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Date of Award

Summer 8-15-2018

Author's School

Graduate School of Arts and Sciences

Author's Department

East Asian Languages and Culture: Chinese

Degree Name

Doctor of Philosophy (PhD)

Degree Type

Dissertation

Abstract

My dissertation explores a range of traditional autobiographical genres and multimedia autobiographical practices from the 1900s to the 1930s, including classical poetry, traditional vernacular novels, annalistic autobiography along with a modernized traditional form, self-inscribed photographic portraits. It aims to challenge the prevailing interpretative paradigm in modern Chinese literature that prizes Western discourses of individualism, selfhood and inwardness, which defines and legitimizes modern Chinese autobiographical writing by its drastic break with Chinese literary tradition. Much scholarly attention has focused on the western-style modern Chinese autobiographical writings from 1920s to 1940s. However, my archive research shows that this modern western-style autobiography is only one among many options of literary and artistic forms of autobiographical expressions that modern Chinese writers had chosen. Traditional autobiographical genres and practices had been extensively employed both before and throughout the May Fourth period. Combining approaches of literary analysis and visual culture studies, my dissertation argues that these traditional writersՠadaptations of and innovations on the traditional autobiographical genres provide alternative visions of self that not only interact with but also significantly complicate the May Fourth agenda of egotistic subjectivity.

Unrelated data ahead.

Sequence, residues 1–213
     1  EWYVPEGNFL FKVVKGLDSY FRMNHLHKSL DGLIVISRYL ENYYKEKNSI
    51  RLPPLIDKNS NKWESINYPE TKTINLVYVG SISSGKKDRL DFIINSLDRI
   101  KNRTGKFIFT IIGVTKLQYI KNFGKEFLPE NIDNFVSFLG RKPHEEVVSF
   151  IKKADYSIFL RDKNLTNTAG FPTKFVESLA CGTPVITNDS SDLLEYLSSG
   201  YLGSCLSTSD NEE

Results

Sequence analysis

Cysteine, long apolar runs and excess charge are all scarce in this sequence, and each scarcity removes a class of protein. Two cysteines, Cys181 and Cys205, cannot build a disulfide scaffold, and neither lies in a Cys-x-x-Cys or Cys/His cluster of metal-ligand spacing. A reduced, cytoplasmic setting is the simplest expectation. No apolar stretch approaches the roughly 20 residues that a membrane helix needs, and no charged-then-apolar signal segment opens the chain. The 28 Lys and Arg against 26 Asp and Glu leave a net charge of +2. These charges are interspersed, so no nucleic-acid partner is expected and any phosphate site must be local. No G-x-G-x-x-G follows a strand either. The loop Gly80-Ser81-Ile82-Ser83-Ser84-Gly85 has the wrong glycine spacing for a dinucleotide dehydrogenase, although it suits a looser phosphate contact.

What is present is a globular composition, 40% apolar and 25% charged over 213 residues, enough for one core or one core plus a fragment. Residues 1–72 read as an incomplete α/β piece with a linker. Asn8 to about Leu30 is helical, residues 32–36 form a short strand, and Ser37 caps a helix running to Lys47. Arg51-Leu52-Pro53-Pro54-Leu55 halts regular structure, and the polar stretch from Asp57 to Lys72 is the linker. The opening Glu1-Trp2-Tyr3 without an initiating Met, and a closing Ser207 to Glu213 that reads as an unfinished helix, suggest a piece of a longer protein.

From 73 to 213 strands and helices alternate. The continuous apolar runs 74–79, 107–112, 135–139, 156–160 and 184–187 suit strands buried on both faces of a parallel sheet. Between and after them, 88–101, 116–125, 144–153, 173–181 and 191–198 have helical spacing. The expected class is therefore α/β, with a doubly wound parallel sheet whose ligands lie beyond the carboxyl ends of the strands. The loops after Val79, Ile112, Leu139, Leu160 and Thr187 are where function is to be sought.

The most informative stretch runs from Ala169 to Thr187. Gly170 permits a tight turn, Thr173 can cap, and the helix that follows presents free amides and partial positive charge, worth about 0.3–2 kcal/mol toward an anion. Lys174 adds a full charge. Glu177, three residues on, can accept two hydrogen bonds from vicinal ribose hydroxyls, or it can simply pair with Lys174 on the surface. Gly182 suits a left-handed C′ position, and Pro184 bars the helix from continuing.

My dissertation includes four analytical chapters. Chapter 1 analyzes the late Qing guixiu poet Shi Shuyiճ (1876-1945) autobiographical poetry, scholarly projects and self-inscribed photographic portraits. This chapter discusses how women writers made innovative use of modern photographic technology and the new print media to reconfigure their inherited literary tradition, creating a new subject position that is beyond the presumed antithesis between guixiu (talented woman from the inner quarters) and new woman. Chapter 2 examines Zeng Jifenճ (1852-1942) two editions of self-edited nianpu (annalistic autobiography) published in 1930s. Discussing its text, paratexts and context, I argue Zengճ autobiographical nianpu attests to the ңollaborative natureӠof the nianpu genre that can register distinctive female experiences and empower womenճ self-representation. Chapter 3 deals with Liu Eճ (1857-1909) philosophical autobiographical novel The Travels of Lao Can. My discussion revolves around the core concept of you (i.e.travel, wandering, boundary-crossing), on stylistic, discursive and philosophical levels, that not only imparts to the novel a narrative structure, but also serves as a philosophical trope of Liu Eճ understanding of Үo-selfӠ(non-identity, non-particularity). Chapter 4 discusses Su Manshuճ (1884-1918) autobiographical novella The Lone Swan. I investigate how the performative nature of Suճ self-representation and language style can dissolve the construction of modern sentimental subjectivity.

Language

English (en)

Chair and Committee

Robert Lingchei Letty E. Hegel Chen

Committee Members

Beata Grant, Marvin Marcus, Anca Parvulescu,

Comments

Permanent URL: 2020-08-09

Available for download on Monday, August 15, 2118

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